85. Bainbridge, supra note 74, at 1444. 86. Page, supra note 55, at 990. 87. For a discussion on the discounted cash flow analysis, see Introduction to Discounted Cash Flow, http://news.morningstar.com/classroom2/course.asp?docId=145101&CN= COM &page=1. 88. Matthew 6:24 (New International Version). 89. The Committee on Corp. Laws, Other Constituencies Statutes: Potential for Confusion, 45 BUS. LAW. 2253, 2269 (1990). 90. For a similar example, see Page, supra note 56.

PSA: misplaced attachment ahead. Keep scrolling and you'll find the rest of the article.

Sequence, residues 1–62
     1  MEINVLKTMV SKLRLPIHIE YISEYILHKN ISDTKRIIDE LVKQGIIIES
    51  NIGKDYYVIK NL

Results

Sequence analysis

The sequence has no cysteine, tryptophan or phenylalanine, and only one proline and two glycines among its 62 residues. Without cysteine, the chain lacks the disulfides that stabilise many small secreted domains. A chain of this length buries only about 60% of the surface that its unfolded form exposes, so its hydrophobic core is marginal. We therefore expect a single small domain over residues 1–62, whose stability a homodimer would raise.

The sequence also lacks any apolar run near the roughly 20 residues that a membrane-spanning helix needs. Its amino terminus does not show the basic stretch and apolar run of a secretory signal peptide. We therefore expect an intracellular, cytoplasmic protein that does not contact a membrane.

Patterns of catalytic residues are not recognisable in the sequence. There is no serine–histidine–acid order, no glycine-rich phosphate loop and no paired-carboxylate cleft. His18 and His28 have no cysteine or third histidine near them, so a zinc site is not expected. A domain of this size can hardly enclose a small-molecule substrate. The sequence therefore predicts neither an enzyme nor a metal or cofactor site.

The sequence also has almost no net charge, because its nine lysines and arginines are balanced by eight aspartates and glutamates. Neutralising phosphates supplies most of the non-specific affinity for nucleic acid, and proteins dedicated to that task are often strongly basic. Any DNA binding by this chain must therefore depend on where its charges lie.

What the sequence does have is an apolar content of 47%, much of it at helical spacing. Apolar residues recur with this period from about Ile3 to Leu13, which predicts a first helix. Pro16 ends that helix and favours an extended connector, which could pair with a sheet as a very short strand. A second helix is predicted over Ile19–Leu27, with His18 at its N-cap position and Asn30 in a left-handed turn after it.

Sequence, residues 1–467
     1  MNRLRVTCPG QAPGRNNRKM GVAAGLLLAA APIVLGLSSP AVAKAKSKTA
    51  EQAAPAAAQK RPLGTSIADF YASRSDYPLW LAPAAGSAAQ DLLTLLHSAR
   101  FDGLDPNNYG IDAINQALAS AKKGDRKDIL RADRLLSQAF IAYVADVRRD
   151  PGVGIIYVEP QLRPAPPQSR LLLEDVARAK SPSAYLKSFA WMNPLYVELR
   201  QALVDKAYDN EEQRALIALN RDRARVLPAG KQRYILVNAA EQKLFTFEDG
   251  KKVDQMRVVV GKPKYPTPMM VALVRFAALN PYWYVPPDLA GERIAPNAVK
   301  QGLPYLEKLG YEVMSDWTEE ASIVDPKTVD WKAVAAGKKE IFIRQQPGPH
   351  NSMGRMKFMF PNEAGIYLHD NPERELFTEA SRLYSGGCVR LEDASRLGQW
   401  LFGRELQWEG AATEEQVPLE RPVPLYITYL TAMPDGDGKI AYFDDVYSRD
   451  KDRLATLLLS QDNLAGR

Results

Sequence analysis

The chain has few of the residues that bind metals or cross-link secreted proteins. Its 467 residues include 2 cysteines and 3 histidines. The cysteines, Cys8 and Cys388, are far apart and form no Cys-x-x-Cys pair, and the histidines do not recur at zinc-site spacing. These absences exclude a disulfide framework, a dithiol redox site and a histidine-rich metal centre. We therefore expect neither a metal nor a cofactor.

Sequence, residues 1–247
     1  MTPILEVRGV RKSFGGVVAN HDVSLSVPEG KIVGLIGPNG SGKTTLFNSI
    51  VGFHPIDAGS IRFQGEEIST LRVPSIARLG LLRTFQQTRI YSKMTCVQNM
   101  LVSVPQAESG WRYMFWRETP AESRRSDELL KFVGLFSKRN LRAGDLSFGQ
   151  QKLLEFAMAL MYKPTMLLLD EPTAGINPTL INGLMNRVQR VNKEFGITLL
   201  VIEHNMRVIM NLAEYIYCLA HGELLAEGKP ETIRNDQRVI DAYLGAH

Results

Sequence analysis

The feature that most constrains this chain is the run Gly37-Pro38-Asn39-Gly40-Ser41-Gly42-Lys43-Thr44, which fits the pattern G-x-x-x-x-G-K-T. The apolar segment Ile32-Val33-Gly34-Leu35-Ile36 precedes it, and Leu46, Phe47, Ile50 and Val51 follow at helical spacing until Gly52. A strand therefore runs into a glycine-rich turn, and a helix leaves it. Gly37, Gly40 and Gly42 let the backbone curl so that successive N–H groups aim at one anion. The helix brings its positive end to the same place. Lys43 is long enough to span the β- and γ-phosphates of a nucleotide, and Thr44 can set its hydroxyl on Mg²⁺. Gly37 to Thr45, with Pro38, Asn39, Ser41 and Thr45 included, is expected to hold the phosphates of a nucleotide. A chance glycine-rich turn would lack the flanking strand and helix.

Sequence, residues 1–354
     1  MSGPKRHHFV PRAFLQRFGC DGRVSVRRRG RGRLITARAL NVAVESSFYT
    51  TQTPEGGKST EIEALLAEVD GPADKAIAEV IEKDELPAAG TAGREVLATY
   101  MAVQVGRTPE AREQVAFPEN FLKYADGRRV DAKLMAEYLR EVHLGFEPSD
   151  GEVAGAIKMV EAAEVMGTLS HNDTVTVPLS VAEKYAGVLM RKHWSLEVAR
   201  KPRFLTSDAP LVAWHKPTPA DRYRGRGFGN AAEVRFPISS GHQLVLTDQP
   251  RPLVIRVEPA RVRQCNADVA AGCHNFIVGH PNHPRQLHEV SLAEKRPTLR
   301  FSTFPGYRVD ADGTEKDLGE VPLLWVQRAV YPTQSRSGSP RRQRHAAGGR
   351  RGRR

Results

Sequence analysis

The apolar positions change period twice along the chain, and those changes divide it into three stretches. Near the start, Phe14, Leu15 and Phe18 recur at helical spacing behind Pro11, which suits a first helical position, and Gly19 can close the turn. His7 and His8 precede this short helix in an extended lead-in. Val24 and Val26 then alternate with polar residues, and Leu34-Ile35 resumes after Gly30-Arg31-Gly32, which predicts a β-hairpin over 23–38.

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one beyond the general pale of their perceived mandate from society.”91 Such a function is best left to external regulation. In addition, extending fiduciary protection to nonshareholder constituents will give them yet another avenue for the remediation of harm caused by corporate decisions. Because shareholders only have a claim on a corporation’s residual income stream and no real ability to seek redress through the political process or contractual market, it makes perfect sense to make them the sole beneficiary of management’s fiduciary obligations. Otherwise there is a real concern that investors—feeling disenfranchised by corporate law—will flee the equity markets, leaving corporations with marginal ability to accumulate additional capital. Finally, because management has every incentive to externalize the costs of production on parties outside of the firm’s “financial calculus,”92 the argument that fiduciary duties should be extended to these external parties is extraordinarily weak. Corporations need satisfied customers, employees, creditors, and communities to remain a going concern. It is clear from the above arguments that “the preponderance of the evidence suggests that state corporation statutes ought to confine the fiduciary duties of corporate managers to shareholders.”93 II. CORPORATE SOCIAL RESPONSIBILITY AND INCREASED PROFITABILITY It is without question that corporations, as major players in society, are expected to “engage[] in open and free competition, without deception or fraud.”94 That said, even when a corporation has operated within the framework promoted by Professor Friedman, “[g]overnments, activists and the media have become adept at holding companies to account for the social consequences of their activities.”95 Activist organizations have become especially skillful at building public support in response to a particular social or environmental issue.96 In addition, these groups can readily place extreme pressure on high-profile corporations to resolve a problem, even if the corporation is not the problem’s main cause.97 As a result, corporate social responsibility (CSR) “has emerged as an inescapable priority for business leaders in every country.”98 While CSR is generally revered by most in society, opponents have sharply criticized the proposition that firms may use shareholder money pursuing projects unrelated to the business at hand. Professor Friedman argued that CSR “shows a fundamental misconception of the character and nature of a free economy.”99 Opponents of CSR further the shareholder primacy argument by suggesting that “there is one and only one social responsibility of business—to use its resources and engage